e a perfect palace."
They arrived, and John was awed into silence by the magnificence and splendors of his surroundings until they went to the bath-room to wash off the dust of travel. There he happened to notice a cake of pink soap.
"Why," he said, "they've even got their soap painted!" Next morning he woke early--they were occupying the mahogany room on the ground floor --and slipping out through the library, and to the door of the dining-room, he saw the colored butler, George--the immortal George--setting the breakfast-table. He hurriedly tiptoed back and whispered to his father:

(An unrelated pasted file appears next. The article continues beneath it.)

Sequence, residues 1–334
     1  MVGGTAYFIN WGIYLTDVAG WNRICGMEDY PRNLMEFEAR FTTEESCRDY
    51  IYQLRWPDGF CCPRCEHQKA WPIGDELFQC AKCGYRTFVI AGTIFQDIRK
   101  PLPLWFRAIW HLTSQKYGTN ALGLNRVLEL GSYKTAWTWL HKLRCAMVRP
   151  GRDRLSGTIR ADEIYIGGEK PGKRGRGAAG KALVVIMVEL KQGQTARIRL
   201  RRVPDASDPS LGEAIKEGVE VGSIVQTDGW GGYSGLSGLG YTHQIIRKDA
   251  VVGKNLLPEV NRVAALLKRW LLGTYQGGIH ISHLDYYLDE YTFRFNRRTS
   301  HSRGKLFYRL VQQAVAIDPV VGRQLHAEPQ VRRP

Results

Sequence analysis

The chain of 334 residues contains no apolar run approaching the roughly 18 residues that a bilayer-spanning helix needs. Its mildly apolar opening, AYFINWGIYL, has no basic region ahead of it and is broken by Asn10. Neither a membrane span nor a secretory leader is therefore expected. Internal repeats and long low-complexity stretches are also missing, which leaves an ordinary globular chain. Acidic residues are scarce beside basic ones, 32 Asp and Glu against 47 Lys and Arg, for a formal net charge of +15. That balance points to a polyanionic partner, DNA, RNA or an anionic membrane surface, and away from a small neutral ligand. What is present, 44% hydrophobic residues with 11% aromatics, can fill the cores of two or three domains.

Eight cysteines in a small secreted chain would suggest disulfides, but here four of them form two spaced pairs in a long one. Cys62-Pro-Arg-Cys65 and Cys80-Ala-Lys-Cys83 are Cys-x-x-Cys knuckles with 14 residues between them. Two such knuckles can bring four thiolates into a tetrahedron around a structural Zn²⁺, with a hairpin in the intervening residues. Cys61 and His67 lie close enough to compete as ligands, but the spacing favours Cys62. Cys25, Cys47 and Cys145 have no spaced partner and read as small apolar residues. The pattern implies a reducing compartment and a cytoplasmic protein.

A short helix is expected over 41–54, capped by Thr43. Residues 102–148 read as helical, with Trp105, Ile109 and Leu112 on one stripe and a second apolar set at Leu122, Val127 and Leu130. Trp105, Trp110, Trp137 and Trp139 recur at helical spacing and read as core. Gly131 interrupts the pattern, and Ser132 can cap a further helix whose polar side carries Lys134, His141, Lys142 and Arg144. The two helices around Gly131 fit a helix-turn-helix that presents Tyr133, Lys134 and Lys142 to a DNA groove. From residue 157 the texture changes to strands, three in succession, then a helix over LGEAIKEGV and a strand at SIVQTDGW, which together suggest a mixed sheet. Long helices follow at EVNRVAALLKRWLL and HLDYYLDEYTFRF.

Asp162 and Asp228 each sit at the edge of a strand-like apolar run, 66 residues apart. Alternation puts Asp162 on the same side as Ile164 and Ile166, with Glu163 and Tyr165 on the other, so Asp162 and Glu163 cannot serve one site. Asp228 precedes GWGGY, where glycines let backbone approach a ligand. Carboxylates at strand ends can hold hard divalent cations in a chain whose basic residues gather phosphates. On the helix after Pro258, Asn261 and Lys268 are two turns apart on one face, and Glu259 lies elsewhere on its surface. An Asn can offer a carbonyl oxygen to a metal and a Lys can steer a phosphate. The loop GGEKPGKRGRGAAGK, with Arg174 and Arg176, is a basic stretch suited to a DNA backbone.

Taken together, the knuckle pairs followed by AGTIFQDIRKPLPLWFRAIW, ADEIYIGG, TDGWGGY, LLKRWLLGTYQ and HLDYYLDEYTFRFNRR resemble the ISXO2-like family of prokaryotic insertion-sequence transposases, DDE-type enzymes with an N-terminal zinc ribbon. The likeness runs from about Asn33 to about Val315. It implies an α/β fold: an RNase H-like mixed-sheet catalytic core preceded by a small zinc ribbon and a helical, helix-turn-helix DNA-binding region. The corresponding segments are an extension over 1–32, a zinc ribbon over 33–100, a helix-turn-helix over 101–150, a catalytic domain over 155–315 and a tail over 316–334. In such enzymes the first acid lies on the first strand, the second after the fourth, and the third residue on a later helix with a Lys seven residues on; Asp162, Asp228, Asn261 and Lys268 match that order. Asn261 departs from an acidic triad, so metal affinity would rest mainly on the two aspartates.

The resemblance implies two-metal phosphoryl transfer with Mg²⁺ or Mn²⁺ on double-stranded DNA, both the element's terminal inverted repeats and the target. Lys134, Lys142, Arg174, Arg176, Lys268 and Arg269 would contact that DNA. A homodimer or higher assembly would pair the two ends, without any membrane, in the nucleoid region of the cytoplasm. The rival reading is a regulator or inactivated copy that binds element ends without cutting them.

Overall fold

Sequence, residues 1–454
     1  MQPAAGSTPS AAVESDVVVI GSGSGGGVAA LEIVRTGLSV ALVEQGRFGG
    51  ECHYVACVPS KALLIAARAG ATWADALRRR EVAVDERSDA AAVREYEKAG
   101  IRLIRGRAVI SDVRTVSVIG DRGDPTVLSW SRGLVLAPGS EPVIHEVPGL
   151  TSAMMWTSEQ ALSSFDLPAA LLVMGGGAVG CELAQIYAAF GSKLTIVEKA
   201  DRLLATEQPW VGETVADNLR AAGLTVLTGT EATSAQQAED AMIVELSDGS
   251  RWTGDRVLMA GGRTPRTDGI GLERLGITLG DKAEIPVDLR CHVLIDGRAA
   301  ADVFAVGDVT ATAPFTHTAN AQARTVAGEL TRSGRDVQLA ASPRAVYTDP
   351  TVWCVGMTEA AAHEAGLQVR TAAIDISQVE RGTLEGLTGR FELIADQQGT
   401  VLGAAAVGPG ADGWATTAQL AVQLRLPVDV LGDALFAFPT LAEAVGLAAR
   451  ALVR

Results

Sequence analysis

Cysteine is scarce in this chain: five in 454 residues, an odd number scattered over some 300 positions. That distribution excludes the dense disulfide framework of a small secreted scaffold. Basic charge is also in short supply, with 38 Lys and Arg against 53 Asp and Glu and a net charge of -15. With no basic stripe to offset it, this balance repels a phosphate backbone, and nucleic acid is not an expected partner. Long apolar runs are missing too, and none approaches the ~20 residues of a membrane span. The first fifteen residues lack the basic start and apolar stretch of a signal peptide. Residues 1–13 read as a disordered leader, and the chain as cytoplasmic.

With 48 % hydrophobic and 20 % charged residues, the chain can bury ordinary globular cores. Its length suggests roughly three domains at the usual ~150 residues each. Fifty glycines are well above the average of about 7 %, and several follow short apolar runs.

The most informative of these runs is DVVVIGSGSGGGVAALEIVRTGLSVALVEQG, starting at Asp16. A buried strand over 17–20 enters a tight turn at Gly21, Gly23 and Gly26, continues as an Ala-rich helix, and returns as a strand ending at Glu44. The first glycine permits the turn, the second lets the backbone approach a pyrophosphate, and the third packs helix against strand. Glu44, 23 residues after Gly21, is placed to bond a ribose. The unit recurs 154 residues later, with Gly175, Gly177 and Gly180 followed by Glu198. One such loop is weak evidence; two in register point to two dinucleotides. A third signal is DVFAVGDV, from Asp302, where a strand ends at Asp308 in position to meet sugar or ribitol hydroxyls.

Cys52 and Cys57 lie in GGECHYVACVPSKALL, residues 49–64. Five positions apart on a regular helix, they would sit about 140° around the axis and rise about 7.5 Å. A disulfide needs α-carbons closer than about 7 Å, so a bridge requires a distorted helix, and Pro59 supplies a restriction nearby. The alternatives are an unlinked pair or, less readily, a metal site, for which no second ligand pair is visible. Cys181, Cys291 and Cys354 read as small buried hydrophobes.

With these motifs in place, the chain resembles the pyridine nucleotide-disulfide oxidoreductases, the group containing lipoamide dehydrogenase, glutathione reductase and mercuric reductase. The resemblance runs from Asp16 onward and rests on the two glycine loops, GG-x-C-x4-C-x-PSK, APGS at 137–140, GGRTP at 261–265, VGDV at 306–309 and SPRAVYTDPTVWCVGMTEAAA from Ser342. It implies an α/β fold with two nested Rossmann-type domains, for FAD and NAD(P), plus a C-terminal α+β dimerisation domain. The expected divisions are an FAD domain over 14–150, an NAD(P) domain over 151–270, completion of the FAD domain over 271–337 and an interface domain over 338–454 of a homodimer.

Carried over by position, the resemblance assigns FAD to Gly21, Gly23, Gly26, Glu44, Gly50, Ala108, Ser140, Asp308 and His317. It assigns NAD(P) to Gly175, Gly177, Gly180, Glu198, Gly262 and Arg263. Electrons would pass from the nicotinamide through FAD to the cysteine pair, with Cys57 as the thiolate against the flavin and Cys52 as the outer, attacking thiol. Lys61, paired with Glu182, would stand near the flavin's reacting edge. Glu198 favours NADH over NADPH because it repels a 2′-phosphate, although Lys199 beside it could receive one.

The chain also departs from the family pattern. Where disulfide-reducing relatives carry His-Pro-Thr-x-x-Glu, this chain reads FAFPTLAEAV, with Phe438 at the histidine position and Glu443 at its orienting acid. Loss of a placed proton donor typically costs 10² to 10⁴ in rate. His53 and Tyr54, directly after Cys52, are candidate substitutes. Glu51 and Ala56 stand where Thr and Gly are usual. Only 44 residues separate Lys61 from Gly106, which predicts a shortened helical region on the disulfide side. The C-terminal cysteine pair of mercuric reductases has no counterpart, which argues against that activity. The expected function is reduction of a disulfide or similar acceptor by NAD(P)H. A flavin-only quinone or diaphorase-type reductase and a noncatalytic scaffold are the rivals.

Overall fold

"Come quick! The slave is setting the table!"
This being the second mention of George, it seems proper here that he should be formally presented. Clemens used to say that George came one day to wash windows and remained eighteen years. He was precisely the sort of character that Mark Twain loved. He had formerly been the body-servant of an army general and was typically racially Southern, with those de
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